The open-air markets of Vienna
The open-air markets of Vienna
On your markt, get set, go!
There are few better ways to peer into the culture of Vienna than by visiting one of its open-air markets, where locals congregate to socialise and shop against the city’s gloriously picturesque backdrop. There are around 26 such markets dotted around Austria’s capital, along with a selection of more transient traders who all contribute to the melting pot of ethnic influences that shape the city. The markets offer not only some of the best shopping in Vienna, but the whole of Europe.
As well as displaying the customs and personality of the Viennese people, open-air markets present an opportunity to sample the raw flavours that go into the city’s cuisine, not to mention a cornucopia of souvenirs to take home, and should therefore be an essential part of any visitor’s itinerary. Scroll down to read about the ones you shouldn’t miss, along with a couple that have remained relatively undiscovered by the tentacles of tourism.
If you can only fit one open-air market into your visit to Vienna, make it Naschmarkt. The city’s largest market (about 2.3 hectares in size) is also a major tourist attraction, having changed very little since its creation shortly after the turn of the twentieth century. There are more than 170 stands (and over 200 on Saturdays) which sell every kind of food, from fruit and vegetables to spices, pickles, cheeses and breads.
The market is also known as Kettenbrückengasse (or, for those who can’t pronounce that, Karlsplatz), and is adjoined to a flea market (open every Saturday from 8am to 2pm)which offers a plethora of wares from clothes to art, antiques to jewelry. But there’s as much to see in the surrounding Jugenstil architecture as there is splayed across the vibrant stalls; visit in the early morning to make the most of these Art Nouveau constructions in the soft, golden rays of sunlight that herald each new day.
Viennese markets don’t come much rawer than Brunnenmarkt, Europe’s longest street market, which is dismantled each evening and reassembled the following morning to leave the Ottakringstrasse free from obstruction throughout the night. Often described as an oriental bazaar, this is considered to be a cheaper and quieter alternative to Naschmarkt, well away from the tourist trail.
Brunnenmarkt translates as Fountain Market, which refers to a fountain that brought water to the Imperial Hofburg Palace from nearby Vienna Woods. It was around this fountain that the market grew in the late 1700s, and while the water feature was taken down to make way for a tram route in 1880, the market remained.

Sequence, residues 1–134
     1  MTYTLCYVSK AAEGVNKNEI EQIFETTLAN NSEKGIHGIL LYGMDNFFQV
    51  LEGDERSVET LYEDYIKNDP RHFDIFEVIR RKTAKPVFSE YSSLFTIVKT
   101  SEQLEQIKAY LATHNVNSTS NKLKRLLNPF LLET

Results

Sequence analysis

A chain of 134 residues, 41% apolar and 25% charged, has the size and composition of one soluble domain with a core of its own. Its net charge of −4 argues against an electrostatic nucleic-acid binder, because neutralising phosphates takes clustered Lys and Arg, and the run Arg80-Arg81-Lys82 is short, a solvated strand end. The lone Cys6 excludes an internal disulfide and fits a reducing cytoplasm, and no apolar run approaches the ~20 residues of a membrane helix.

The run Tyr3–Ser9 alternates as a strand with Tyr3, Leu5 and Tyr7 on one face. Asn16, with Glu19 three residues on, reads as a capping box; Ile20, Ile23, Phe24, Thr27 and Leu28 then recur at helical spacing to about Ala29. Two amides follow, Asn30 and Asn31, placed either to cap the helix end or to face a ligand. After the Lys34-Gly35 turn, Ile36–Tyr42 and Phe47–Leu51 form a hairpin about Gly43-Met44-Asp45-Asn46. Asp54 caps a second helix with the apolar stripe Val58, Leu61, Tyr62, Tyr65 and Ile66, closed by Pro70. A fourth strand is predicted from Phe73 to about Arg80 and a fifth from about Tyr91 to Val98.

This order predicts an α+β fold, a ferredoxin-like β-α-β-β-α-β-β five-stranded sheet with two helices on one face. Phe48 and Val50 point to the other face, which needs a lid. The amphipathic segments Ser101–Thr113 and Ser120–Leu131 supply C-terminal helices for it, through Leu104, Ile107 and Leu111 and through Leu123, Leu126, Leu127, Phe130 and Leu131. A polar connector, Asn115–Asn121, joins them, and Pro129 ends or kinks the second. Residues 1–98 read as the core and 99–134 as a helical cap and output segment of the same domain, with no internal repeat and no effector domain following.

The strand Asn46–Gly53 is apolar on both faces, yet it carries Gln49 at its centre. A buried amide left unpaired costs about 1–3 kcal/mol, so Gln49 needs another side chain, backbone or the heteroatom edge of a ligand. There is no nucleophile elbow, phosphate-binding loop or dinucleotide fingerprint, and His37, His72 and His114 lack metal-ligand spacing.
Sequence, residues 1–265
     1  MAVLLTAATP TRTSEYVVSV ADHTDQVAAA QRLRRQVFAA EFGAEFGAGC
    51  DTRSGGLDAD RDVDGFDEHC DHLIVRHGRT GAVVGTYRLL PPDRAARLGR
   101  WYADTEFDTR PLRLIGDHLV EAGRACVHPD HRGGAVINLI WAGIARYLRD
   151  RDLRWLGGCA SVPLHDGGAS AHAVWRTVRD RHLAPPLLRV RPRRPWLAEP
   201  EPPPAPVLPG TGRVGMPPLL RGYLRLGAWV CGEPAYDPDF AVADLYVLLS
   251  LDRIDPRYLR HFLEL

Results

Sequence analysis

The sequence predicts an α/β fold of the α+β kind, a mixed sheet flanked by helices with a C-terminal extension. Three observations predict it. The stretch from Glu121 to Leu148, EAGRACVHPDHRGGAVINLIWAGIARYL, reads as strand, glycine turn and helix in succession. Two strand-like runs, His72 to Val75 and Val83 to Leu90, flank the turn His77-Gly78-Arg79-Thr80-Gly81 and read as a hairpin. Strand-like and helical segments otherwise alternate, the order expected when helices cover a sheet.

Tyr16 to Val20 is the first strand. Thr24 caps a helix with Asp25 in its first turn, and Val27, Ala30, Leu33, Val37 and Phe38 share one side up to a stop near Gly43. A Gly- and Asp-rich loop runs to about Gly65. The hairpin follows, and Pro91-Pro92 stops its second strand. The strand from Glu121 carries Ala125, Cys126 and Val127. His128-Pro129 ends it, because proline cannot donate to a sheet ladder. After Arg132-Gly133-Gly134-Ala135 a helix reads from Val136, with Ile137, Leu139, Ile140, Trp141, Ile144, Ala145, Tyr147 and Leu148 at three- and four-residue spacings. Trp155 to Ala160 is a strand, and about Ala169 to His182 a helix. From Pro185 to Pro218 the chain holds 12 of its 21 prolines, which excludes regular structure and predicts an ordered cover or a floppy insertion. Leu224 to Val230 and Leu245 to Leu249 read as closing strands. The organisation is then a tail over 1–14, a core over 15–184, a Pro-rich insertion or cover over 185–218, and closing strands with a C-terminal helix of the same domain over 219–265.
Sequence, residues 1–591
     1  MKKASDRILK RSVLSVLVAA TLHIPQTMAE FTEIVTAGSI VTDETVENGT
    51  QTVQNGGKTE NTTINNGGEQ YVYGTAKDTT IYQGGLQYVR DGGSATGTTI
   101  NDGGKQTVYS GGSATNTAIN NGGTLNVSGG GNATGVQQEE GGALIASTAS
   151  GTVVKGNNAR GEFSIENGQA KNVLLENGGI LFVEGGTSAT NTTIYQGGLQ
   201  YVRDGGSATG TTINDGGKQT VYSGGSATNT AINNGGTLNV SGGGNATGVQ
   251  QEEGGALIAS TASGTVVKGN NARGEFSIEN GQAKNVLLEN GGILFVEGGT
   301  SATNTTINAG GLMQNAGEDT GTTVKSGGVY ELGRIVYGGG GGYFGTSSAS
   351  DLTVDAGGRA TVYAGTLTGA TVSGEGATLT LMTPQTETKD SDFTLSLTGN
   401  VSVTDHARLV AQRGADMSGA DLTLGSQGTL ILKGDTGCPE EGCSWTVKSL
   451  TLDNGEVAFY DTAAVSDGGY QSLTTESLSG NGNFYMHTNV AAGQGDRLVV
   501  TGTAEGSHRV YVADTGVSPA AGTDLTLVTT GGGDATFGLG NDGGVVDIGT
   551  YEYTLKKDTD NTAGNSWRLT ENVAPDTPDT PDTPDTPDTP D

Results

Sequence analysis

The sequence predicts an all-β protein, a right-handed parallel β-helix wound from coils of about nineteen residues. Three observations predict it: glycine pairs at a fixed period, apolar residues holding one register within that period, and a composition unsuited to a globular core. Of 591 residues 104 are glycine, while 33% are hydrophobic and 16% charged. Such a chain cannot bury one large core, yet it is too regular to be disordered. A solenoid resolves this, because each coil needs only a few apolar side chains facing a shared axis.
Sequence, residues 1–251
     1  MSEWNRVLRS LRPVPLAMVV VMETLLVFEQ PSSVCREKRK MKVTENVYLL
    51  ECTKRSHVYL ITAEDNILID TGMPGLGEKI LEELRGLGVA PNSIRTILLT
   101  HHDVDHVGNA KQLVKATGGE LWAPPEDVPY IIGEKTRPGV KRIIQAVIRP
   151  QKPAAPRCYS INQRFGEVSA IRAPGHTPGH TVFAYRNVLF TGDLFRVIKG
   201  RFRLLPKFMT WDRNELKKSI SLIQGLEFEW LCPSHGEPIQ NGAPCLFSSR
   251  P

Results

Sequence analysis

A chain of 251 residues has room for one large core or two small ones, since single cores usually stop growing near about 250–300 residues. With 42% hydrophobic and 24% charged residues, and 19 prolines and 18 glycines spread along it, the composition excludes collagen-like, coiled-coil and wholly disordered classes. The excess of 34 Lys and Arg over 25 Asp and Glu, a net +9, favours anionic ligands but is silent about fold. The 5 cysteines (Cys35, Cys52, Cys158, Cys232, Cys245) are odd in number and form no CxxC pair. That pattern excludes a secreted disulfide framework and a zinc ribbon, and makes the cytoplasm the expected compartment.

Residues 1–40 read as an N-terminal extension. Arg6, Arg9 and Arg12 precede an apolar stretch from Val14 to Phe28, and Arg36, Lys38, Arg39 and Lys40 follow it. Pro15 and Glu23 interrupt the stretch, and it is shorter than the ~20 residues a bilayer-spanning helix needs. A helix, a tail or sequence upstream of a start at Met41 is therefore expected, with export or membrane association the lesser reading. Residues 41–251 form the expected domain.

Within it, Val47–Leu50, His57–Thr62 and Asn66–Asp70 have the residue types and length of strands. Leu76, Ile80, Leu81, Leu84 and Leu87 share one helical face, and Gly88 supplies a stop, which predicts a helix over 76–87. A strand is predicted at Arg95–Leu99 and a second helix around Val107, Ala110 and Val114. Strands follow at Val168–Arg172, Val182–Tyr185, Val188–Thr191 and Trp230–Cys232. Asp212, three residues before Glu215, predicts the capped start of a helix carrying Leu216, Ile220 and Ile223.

Over the past 10 years, Yppenplatz has blossomed into the focal point of Vienna’s trendy scene, attracting the city’s young intellectuals and artists each weekend, where they massage their minds in a smattering of fantastic bars, pubs and independent stores. This is also where you’ll find Yppenmarkt, a cosy market situated upon Yppenplatz, at the centre of which sits Yppenheim, a community army shelter dating from the 19th century. Be warned: the fashionable air that hangs around the area has driven prices up, but it is a lovely place to hang out and people-watch nonetheless.
Not a lot of people know about Karmelitermarkt, one of the oldest of Vienna’s markets, and its well-worn passageways are less crowded as a result. It is situated in a large square lined with quaint cafés, just two streets away from Karmeliterplatz tram station, and within the Karmeliterquarter. This is the hub of the city’s Jewish community, and home to a diverse array of other ethnicities which all feed into the market. Here, you will find Turkish butchers who are reputed to sell Vienna’s best lamb, as well as a delightful Georgian restaurant called Madiani – a particular favourite of the team.
With just 30 permanent stalls, Rochusmarkt is notable for being quieter and more relaxed than many of Vienna’s other open-air markets. Situated within spitting distance of the city’s main attractions, and right outside the Landstrasser Hauptstrasse metro station, it specialisesin fruit, vegetables, flowers and fresh meat, and is therefore a delightful place to head if you’re after a light snack. Saturdays at Rochusmarkt are particularly exciting, as the market swells to almost double its size with the arrival of farmers from outside the city, who bring with them a mouth-watering selection of fresh, organic goods.
If you can only fit one open-air market into your visit to Vienna, make it Naschmarkt.
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